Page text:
As I have written on a multiple occasions, public education is the most critical civil rights issue of our day. And since it’s that time of the season, I wish to give thanks to those who are making a measurable difference in education results, today and into the future.
Thousands of people are working to chart a new course locally, where all students will be ready to learn when they reach kindergarten or move on to college/career. Those I will mention here are toiling each and everyday on behalf of publicly-funded schools and the students residing within those walls:
• Superintendent John Porter and the school board of the Franklin-McKinley School District. They have had the foresight to work collaboratively with charter schools to increase the number of seats at the educational table for their K-th grade students.
• People Acting in Community Together (PACT) continues to train and empower parents to become strong advocates for their children when navigating the complex system of publicly funded schools.
• Preston Smith, Jessica Garcia-Kohl and the faculty and staff of the Rocketship Charter Management Organization, which has enrolled nearly 4,000 students currently enrolled—90 percent of whom are free and reduced lunch eligible, and 75 percent of whom are English-Language Learners in San Jose. Rocketship Education is the only California applicant (31 nationwide) to make the first cut for U.S. Department of Education’s Race to the Top awards. If the organization is successful in making the final cut, it will receive several million dollars to demonstrate its result-oriented approach to education.
• The Association of County Teachers (ACT), which is made up of people who dedicate their careers educating some of the most at-risk youth in our schools. ACT is the organization that represents hundreds of teachers employed by the Santa Clara County Office of Education. They teach Head Start, state preschool, special education, alternative education, incarcerated youth and career technical education programs.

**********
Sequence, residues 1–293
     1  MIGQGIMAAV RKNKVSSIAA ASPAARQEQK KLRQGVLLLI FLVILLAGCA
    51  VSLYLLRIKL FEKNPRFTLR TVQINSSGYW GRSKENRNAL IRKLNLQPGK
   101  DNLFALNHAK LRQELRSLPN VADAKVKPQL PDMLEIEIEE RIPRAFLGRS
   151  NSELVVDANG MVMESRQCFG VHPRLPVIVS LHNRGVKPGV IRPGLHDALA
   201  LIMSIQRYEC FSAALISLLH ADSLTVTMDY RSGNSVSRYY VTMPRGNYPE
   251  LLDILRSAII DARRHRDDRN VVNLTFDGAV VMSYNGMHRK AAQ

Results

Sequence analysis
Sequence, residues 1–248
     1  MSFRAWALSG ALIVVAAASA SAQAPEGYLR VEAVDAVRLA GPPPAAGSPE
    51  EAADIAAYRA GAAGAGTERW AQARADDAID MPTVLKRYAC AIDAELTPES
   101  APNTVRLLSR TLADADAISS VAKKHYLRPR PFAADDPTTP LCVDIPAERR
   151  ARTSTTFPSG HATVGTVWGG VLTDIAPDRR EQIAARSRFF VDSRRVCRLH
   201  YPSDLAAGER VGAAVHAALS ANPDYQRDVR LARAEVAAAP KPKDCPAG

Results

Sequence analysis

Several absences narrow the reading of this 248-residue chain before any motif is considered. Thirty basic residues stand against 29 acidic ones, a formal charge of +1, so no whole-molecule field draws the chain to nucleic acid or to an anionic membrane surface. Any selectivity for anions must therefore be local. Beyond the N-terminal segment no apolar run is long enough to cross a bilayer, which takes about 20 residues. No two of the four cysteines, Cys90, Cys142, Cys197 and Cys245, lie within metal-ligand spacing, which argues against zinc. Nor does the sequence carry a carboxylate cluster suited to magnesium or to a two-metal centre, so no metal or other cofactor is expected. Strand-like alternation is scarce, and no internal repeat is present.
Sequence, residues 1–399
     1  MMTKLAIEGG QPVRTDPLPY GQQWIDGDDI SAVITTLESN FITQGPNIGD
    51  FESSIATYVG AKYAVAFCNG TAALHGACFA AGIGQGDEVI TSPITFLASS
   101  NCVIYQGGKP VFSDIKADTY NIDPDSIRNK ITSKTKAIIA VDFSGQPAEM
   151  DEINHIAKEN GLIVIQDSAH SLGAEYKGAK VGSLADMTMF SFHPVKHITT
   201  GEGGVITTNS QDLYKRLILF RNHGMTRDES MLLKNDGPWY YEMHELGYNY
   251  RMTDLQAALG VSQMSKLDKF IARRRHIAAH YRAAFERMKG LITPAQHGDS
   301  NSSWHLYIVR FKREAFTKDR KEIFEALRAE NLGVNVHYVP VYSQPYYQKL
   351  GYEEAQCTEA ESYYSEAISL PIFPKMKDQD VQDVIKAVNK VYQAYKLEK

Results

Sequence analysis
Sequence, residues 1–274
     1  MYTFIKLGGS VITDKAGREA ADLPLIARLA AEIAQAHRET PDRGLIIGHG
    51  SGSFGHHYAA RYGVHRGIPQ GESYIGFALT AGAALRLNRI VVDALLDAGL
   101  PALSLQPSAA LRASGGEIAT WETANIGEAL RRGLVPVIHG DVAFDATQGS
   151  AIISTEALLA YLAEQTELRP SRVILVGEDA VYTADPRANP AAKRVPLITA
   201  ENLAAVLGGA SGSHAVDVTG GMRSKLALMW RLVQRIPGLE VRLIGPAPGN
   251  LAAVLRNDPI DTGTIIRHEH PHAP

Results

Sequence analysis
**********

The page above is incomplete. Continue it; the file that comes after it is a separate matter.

• Emmett Carson, CEO of Silicon Valley Community Foundation, leads the conversation for reducing the number of school districts through consolidation and unification. His group has also produced key research findings on mathematics, the correlation between high school placement courses and collegiate success and the subtle impact of race on key life decisions. Carson also published the first-ever report—Broken Promises—to conduct a comparative analysis of traditional public and charter schools disaggregated, most importantly by race and gender.
• San Jose Councilmembers Sam Licarrdo and Madison Nguyen believe the mayor of San Jose must provide leadership about public education on behalf of children and constituents.
• Thanks also go out to SCCOE Board President Grace Mah, Trustee Darcie Green, Dr. Lisa Kaufmann, Don Bolce, of the SCCOE; and Jolene Smith and Avo Makdessian, of First Five. All of these people have worked since January to bring the issue of universal quality preschool for 3-4 year olds to the forefront.
Seattle’s city council passed a resolution to develop “Preschool for All” to make quality early education available to all 3 and 4-year-olds in the city. San Antonio approved a 1/8th cent sales tax increase to provide $30 million-plus for public pre-K. Denver voters in 2006 approved a sales tax to reach 70 percent of the city’s 4-year-olds.
In all these efforts, local voters stepped up to the plate to prioritize quality early education spending. For each $1 invested in quality early learning, up to $8 is reaped in lower crime and incarceration rates, higher wages, lower federal and state assistance, higher employment, etc.
With these people and others continuing to push for progress, we will come closer to addressing the most important civil rights issue of the day.
Joseph Di Salvo is a member of the Santa Clara County Office of Education’s Board of Trustees. He is a San Jose native. His columns reflect his personal opinion and can be found weekly on San Jose Inside.